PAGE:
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Marine Corps Logistics Base Albany

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Marine Corps Systems Commands scope far-reaching, critical

By Regina Hegwood | | June 13, 2000

Authors note: The following article is intended to provide a birds eye view of the compelling mission and functions of Systems Command. Future articles will address the various Systems Command directorates and how they work and integrate with Marine Corps Logistics Bases directorates to accomplish the Materiel Command mission.
Elements of the Marine Corps Systems Command reach across the North American continent, from Quantico, Va. to Camp Pendleton, Calif., and to Marine Corps Logistics Base Albany, Ga.
However, the work performed by Systems Command personnel, as well as its quality, are no less impressive.
The organization is recognized as  among the best within the Department of Defense.
Its structure is as complex as its mission, which has been condensed into the following statement:
To serve as the Commandants principal agent for equipping the operating forces with the weapon systems, munitions and materiel they need to accomplish their warfighting mission.
In other words, when the Corps operating forces identify a requirement for new gear, somebody at Systems Command -- depending on the nature of the requirement  either develops a new piece of equipment or finds a way to meet that need with existing equipment.
Lawrence P. Kreitzer, deputy director at SysCom, discussed some of the reasons the organizations processes are so complex.
When the program managers develop a new piece of equipment, Kreitzer explained, that equipment must meet Marine Corps requirements. During the development stage, we evaluate the progress at milestone stages -- a point where we evaluate the development, the difficulties we face in compldeting it, and determine whether further development is practical and feasible. Brigadier General [James M.] Feigley [SysCom Commander] has milestone authority for most programs. Although the need for upgrading the Amphibious Assault Vehicle was identified several years ago, the Advanced Amphibious Assault Vehicle is still under development. (See related story, page 2.)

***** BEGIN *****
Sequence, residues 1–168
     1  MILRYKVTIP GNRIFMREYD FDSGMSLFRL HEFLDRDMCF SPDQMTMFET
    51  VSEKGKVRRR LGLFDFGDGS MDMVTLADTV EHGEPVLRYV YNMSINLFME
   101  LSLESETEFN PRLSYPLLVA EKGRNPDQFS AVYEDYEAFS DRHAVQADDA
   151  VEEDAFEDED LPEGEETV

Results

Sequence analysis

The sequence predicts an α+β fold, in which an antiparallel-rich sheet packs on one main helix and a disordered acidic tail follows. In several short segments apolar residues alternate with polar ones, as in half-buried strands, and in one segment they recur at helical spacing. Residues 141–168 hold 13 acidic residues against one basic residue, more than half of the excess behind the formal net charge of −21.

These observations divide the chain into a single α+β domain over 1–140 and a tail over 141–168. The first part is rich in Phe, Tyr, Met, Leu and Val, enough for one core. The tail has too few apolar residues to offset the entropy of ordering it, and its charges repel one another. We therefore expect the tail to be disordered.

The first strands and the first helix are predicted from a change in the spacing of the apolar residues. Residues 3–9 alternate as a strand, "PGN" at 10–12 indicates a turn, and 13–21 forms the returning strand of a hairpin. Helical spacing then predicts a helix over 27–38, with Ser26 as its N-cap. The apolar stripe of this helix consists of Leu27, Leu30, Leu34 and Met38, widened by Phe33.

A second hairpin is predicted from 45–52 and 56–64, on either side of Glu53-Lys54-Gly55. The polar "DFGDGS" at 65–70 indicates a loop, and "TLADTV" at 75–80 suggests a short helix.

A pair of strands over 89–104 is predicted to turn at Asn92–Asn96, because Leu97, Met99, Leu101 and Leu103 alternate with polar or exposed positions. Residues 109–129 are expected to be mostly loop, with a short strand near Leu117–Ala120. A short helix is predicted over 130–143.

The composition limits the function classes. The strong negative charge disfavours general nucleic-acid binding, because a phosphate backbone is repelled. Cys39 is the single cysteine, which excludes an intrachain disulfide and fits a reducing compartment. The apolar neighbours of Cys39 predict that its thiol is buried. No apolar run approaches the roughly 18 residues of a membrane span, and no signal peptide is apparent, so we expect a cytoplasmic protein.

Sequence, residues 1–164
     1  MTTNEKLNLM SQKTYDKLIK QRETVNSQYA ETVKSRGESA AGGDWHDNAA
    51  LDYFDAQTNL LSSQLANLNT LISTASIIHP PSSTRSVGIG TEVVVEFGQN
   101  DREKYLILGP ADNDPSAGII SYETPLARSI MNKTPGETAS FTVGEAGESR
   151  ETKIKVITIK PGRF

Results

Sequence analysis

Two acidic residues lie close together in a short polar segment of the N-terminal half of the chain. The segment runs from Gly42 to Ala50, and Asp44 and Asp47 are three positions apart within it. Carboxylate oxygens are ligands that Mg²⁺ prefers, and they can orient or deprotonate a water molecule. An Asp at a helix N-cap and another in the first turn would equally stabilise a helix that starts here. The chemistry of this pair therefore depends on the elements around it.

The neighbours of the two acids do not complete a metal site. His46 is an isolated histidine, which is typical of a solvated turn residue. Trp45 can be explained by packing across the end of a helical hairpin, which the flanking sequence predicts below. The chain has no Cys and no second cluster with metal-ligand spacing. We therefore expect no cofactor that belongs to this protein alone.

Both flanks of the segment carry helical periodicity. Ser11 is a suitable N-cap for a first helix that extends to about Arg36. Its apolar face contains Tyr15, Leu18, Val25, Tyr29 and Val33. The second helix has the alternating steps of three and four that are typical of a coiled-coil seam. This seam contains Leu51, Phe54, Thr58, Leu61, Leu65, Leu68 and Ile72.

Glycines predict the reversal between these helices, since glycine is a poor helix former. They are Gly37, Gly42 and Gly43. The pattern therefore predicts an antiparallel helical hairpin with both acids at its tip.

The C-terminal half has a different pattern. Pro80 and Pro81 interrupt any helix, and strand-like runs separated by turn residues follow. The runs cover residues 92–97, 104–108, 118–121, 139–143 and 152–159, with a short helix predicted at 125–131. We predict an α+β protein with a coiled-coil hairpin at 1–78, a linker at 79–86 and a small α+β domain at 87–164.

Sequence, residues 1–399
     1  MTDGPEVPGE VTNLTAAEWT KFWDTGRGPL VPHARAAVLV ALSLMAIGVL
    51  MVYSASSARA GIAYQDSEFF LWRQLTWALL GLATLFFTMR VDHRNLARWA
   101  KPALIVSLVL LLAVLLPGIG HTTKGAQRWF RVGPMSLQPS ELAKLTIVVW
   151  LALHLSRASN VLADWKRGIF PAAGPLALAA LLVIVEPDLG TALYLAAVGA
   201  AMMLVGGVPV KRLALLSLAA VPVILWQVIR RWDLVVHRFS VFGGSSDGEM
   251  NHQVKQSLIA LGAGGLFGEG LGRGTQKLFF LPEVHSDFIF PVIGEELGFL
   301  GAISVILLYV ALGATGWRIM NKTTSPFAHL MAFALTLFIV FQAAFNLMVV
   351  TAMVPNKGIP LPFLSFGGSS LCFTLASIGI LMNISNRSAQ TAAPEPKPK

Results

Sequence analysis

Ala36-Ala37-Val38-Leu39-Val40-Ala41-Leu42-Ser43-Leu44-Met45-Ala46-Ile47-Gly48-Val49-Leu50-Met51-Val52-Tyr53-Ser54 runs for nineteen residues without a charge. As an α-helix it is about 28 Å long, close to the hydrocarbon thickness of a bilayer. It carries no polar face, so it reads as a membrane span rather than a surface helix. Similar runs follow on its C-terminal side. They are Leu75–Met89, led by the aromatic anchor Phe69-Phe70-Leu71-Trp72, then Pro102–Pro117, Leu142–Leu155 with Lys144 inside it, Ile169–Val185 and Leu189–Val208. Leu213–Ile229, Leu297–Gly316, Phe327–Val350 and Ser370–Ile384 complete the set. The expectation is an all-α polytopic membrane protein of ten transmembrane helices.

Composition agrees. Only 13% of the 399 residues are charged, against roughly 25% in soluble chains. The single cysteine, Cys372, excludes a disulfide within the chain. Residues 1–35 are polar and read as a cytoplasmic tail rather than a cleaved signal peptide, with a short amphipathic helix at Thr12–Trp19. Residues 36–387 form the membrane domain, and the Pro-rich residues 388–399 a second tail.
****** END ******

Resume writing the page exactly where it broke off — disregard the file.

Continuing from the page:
Experts are working out the vehicles final details and expect it to be in production within the next few years. Meanwhile, the AAV upgrade, which is a Systems Command program, in being done to ensure it remains a viable weapon system until the AAAV becomes available to Marines in the Fleet Marine Force.
We turn requirements into gear, Lt. Col. John J. Bryant of SysComs Ground Weapons Directorate said succinctly. Equally important, SysCom provides the program support needed to put that gear into the hands of Marines in the Fleet Marine Force.
Acquisition commands throughout the Department of Defense have undergone enormous change during the past 10 years, said Col. James E. Vesely, SysCom chief of staff, because of the post-Cold War environment. The old industrial way of doing business no longer works.
SysCom is changing along with the federal governments acquisition reform  were changing the way we do business; were hiring different kinds of people, Vesely continued.
Not only is SysCom responding to the need for change, were flourishing in the new business environment.
Although SysCom was established 13 years ago as a vital proponent in Marine Corps acquisition, the organization was aligned under Materiel Command when  the new MatCom organization became operational Sept. 1, 1999.
Former Marine Corps Commandant Gen. Charles C. Krulak combined the Corpss two major equipment support elements  SysCom and Marine Corps Logistics Bases  under a single commander to streamline operations.
Accordingly, some LogBases life cycle management functions were realigned under SysCom, bringing clarity of focus to all concerned, but maintaining the balance that is possible only under the corporate MatCom concept and in keeping with streamlining processes being conducted throughout DoD.
The U.S. Marine Corps Systems Command is the youngest command of its kind in the Department of the Navy, Vesely said, probably within the Department of Defense.
But, according to Vesely, SysCom continues to evolve, becoming more effective and more efficient, conducting strategic planning to facilitate the revolutionary changes needed to meet the challenges of the 21st century, and integrating SysCom goals into the MatCom vision.
Whether its developing a new weapon or upgrading 782 gear with cell phones that fit into a 2x6-inch plastic strip, Systems Command personnel are working hard to put the best weapon systems and the latest technology into the hands of Marines, thereby enhancing Marine Corps warfighting capabilities.